The Missouri and Arkansas Agriculture Departments both halted the sale and usage of dicamba in their respective states. Those two states have been in the middle of hundreds of misuse complaints.
The Arkansas ban is effective for 120 days while the Missouri Ag Department would like to reinstate product usage this growing season after their investigation is concluded. The Missouri Soybean Association issued a statement saying over 200,000 acres of soybeans show at least some level of dicamba damage. The state’s soybean checkoff issued a statement saying it’s clear some type of action is necessary.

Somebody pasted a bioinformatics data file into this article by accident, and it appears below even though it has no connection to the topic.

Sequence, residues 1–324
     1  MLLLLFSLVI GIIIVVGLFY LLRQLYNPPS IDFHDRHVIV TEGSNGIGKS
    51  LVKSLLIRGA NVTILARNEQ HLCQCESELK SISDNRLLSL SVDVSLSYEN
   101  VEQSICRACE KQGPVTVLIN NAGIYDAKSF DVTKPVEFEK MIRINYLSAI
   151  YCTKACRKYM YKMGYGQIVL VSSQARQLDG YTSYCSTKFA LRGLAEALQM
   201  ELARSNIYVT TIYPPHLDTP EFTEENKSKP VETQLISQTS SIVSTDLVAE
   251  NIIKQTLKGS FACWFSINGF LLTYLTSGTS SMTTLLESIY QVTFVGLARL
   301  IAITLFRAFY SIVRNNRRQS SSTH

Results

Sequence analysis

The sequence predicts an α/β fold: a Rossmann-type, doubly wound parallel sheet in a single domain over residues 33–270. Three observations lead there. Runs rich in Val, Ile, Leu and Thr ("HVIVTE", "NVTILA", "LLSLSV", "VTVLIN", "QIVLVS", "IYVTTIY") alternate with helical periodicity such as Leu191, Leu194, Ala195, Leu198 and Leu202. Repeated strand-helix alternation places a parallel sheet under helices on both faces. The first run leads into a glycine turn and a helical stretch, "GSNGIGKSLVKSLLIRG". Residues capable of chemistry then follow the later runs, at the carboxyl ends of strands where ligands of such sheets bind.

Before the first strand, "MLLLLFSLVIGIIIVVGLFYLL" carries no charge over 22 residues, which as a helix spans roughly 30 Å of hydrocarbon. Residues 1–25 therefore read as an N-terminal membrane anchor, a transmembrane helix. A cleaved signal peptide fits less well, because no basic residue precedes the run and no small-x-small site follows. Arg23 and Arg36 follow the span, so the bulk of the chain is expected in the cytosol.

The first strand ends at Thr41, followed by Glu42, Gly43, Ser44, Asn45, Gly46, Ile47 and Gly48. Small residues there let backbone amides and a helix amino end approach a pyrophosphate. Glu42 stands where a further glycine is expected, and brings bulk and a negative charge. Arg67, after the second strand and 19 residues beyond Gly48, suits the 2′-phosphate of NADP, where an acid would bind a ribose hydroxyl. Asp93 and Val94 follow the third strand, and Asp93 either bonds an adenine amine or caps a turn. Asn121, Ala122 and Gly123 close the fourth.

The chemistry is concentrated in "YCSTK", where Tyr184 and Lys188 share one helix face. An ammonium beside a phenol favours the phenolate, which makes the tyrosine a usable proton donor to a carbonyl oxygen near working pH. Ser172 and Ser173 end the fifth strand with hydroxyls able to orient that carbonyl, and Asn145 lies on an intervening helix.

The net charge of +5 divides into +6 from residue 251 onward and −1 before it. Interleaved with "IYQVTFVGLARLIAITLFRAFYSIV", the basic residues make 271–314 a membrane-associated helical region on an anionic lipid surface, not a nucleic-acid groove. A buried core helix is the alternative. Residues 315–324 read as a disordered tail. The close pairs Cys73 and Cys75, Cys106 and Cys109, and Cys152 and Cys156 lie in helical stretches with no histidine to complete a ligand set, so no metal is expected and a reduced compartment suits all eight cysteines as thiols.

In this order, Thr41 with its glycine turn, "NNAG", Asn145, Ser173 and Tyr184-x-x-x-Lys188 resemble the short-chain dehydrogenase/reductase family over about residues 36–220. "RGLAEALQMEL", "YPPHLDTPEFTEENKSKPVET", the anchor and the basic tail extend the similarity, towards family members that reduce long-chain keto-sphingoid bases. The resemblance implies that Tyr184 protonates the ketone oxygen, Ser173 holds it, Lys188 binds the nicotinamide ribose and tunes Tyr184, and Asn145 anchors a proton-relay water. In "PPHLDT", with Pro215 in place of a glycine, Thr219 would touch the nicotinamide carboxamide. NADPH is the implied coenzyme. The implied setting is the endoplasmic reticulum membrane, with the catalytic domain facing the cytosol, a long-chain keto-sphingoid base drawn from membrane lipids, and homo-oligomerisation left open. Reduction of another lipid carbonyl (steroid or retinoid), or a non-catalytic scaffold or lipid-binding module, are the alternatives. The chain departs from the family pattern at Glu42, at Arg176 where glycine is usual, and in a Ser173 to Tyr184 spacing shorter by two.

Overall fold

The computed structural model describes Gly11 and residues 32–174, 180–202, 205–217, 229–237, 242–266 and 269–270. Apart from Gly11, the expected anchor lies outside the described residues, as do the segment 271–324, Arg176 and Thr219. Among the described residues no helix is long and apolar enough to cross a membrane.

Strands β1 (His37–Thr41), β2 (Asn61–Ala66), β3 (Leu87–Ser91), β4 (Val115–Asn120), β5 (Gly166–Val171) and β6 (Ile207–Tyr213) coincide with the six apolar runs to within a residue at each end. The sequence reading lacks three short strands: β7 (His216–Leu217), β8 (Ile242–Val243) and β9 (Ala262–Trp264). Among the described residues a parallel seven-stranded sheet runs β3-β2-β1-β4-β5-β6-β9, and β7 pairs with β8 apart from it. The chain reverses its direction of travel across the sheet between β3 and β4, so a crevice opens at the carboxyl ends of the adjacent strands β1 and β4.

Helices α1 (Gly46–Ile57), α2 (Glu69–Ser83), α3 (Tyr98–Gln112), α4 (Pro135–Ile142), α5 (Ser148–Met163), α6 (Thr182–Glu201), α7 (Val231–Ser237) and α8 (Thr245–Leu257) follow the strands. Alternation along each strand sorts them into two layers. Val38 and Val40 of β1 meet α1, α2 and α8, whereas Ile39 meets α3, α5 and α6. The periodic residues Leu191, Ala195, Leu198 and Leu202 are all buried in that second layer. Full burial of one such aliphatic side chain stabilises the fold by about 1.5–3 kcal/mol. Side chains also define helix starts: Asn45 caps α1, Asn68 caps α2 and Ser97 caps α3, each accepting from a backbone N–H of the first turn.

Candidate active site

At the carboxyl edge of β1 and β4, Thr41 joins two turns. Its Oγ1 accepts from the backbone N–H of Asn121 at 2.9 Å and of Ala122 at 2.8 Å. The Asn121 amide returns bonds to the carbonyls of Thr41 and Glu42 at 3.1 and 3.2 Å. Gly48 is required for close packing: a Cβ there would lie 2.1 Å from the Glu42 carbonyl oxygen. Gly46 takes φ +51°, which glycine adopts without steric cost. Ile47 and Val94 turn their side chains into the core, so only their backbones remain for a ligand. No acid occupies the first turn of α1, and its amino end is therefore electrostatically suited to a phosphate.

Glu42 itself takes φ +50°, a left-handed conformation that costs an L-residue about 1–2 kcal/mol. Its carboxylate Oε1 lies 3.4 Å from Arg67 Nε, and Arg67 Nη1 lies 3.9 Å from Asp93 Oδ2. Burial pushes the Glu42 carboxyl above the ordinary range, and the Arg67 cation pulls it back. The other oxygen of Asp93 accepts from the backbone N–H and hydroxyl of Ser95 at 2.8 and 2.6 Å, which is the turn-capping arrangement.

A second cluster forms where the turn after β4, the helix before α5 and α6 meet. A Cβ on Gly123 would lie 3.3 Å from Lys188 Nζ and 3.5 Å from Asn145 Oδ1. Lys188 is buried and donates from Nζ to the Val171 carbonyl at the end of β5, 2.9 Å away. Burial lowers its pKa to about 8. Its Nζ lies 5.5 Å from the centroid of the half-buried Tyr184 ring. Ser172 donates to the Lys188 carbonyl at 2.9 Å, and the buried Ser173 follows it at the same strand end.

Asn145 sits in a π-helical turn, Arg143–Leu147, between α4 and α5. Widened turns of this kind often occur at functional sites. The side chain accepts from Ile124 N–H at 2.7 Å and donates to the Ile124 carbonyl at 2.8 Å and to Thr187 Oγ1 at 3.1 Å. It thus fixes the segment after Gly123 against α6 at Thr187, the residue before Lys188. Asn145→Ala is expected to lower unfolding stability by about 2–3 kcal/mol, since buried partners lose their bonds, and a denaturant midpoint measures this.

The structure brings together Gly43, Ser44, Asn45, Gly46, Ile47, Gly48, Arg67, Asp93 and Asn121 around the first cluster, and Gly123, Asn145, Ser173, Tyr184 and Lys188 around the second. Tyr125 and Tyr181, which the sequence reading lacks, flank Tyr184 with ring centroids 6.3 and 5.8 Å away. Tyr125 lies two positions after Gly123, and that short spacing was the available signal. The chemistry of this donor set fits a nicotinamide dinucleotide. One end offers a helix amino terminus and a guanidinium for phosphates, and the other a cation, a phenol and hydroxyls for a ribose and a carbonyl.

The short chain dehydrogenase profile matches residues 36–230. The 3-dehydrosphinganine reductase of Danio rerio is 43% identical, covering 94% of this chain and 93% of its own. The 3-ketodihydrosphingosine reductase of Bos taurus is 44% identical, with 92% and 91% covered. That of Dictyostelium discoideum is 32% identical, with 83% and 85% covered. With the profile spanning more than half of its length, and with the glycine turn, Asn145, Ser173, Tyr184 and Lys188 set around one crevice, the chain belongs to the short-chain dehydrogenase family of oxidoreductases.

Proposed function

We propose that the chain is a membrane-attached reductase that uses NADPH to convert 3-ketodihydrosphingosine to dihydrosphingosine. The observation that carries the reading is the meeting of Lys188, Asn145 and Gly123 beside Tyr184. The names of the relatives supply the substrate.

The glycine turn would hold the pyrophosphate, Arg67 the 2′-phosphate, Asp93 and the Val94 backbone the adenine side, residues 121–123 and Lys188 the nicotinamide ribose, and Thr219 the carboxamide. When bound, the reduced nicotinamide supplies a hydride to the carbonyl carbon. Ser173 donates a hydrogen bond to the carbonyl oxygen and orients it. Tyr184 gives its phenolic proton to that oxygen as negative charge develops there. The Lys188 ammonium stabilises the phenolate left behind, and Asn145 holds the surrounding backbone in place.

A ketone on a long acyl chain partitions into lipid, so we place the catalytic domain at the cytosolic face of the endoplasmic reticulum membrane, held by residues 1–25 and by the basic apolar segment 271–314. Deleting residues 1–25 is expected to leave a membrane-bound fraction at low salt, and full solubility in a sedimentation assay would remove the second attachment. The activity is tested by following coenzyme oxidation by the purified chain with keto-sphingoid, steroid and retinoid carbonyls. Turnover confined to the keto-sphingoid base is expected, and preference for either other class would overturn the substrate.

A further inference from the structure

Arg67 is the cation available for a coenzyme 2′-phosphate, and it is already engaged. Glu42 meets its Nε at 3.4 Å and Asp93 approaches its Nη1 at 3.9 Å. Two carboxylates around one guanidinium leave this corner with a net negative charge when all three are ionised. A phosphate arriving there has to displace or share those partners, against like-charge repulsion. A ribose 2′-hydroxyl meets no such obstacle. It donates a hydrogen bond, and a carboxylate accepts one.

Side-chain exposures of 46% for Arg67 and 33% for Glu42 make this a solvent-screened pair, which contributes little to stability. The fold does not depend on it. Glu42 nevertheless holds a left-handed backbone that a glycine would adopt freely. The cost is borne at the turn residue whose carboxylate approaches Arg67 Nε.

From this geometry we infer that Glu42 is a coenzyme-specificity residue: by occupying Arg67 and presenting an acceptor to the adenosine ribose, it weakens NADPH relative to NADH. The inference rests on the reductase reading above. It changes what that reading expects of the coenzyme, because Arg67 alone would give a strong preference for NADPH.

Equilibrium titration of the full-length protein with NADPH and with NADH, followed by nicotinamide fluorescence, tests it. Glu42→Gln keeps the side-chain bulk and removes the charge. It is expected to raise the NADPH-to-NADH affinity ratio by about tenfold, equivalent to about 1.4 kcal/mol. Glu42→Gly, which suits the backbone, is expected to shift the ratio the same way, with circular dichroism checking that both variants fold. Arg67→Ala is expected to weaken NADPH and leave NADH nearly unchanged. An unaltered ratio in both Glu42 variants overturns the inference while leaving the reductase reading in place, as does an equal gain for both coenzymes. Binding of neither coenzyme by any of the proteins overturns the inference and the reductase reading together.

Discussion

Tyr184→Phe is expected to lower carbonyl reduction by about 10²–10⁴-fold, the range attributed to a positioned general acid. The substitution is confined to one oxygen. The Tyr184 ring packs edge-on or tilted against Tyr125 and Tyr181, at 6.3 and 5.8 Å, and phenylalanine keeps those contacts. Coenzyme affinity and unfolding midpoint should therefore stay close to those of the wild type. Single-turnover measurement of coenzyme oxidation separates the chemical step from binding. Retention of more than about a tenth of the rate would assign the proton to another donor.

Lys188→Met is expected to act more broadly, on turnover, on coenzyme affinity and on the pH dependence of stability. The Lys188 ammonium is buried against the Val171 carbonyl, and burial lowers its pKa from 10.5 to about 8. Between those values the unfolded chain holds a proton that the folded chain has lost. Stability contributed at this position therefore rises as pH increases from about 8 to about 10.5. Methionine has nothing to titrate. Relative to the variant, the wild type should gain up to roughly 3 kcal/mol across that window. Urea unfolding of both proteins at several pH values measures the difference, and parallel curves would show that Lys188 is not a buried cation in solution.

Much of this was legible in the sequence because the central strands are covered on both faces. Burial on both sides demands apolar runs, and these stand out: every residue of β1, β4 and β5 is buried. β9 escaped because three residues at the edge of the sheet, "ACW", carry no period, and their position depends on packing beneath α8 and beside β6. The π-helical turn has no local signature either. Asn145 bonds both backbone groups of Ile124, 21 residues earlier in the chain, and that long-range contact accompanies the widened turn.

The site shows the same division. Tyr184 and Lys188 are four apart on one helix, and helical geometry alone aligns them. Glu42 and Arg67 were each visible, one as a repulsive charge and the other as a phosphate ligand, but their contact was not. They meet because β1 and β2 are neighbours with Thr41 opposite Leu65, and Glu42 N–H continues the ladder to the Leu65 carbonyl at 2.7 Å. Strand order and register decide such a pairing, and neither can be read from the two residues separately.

Missouri Ag Director Chris Chinn said in a statement on the department’s YouTube channel that they’re actively working on the issue. She said in the video: “I’ve asked the makers of these approved, post emergent products and farmers to work with us to determine how we can expeditiously allow applications to resume this growing season.”
Monsanto released a statement saying they’re complying with the order and they encourage all growers to do the same. The 120-day ban goes into effect at midnight on Tuesday, July 11th. Arkansas farmers have filed nearly 600 complaints in which dicamba is the suspected herbicide.